The Postal Accountability and Enhancement Act of 2006 requires the USPS pay $5.5 billion a year to pre-fund pension benefits for 75 years.
"If we're not delivering, someone else will," said Walter Brummage, of Fairmont.
Many letter carriers at the rally said while they know a five-day schedule would mean job loss, their main concerns are for customers.
"For some, Saturday might just mean getting a lot of junk mail, but for others that might be the day their medicine comes," said John Casto, of St. Albans. "We want to bring to people's attention that the postmaster general doesn't speak for everyone," he said, referring to Patrick Donahoe telling lawmakers cutting Saturday delivery would save the agency $2 billion a year.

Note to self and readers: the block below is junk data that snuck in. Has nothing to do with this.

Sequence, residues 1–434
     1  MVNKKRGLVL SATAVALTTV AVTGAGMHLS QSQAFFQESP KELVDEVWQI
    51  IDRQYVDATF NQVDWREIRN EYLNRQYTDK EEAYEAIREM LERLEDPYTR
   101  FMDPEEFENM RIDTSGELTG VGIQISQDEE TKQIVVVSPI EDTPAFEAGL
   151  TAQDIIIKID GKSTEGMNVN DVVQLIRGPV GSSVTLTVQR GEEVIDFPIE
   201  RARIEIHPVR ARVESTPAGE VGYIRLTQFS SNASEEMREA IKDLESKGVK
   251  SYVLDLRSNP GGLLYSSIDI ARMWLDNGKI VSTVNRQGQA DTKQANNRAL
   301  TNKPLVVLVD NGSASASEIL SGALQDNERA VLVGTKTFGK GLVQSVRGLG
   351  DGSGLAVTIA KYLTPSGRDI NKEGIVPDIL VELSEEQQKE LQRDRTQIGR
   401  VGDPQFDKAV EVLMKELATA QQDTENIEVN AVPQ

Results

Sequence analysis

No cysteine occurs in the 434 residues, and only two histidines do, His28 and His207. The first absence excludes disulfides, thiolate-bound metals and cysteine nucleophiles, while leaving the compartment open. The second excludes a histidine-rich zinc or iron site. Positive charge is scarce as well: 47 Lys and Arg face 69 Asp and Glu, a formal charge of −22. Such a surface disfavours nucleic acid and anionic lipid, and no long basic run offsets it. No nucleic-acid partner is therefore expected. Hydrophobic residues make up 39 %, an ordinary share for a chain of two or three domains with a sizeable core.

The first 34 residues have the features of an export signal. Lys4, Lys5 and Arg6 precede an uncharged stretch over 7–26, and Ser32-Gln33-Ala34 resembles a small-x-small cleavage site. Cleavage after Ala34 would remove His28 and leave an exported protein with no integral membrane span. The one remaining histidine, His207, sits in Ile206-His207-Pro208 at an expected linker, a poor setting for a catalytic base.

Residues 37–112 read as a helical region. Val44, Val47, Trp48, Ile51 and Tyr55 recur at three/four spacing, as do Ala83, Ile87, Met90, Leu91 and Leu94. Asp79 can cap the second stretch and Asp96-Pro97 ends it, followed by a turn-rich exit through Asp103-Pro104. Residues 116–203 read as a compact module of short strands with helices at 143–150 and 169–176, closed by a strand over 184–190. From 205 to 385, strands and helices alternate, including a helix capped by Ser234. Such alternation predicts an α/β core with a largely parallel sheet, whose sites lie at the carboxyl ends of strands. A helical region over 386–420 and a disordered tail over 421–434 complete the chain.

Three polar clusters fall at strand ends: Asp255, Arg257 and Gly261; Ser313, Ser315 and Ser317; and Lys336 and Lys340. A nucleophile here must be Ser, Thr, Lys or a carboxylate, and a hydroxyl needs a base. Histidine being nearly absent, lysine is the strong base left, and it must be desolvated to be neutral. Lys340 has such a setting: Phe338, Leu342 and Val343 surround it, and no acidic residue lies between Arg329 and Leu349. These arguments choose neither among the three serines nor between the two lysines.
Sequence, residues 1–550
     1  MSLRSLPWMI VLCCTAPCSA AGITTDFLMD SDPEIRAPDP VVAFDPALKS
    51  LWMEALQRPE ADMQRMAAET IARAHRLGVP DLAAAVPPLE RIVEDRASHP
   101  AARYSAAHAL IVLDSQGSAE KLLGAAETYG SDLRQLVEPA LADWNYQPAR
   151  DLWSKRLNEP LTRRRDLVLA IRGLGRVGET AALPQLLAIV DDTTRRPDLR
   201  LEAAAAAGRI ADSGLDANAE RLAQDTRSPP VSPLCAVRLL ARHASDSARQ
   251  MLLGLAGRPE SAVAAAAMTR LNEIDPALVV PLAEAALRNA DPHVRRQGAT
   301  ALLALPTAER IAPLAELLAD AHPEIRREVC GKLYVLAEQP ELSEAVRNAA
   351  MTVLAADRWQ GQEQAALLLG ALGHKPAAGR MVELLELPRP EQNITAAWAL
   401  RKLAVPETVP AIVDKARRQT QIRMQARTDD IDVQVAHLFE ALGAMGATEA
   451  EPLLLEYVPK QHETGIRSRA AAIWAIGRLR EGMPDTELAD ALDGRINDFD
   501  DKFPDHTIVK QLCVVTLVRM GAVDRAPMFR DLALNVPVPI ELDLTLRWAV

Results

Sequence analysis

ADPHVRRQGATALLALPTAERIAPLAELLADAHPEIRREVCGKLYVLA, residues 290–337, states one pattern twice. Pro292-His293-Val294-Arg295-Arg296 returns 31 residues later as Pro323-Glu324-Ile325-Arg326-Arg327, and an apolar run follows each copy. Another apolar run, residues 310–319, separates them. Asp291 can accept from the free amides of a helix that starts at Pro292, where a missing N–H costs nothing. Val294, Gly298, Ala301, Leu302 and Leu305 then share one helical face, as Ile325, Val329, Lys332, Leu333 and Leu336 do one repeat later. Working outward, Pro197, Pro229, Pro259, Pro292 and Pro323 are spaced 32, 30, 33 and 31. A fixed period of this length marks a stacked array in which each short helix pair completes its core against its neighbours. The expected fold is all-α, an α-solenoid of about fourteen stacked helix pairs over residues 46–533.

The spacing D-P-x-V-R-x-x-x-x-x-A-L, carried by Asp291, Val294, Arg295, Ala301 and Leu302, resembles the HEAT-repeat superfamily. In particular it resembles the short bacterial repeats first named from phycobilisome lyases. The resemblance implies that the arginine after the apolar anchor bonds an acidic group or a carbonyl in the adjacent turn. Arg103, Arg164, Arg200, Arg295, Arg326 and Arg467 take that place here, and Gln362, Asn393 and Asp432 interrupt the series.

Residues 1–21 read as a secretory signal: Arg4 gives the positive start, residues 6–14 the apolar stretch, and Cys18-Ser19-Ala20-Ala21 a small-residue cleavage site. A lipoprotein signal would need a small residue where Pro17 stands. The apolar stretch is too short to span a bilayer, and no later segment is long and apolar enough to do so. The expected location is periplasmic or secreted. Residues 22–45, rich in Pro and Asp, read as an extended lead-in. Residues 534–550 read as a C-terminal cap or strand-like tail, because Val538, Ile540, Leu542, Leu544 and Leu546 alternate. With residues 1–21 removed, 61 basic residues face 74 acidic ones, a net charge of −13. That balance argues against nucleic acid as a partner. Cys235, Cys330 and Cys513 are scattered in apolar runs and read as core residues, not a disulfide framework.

"He just took a guess," McKay said about the amount.
Elaine Harris, with the Communication Workers of America, said unnecessary expenses must be need trimmed in order to save the USPS.
"And it's the people at the top who aren't on the front lines getting to make the decisions," she said. "This is serious business.
"They deliver us the mail in, like their motto says, 'rain, sleet, hail or snow', so I came to show support," Harris said.
Reach Kate White at kate.wh...@wvgazette.com or 304-348-1723.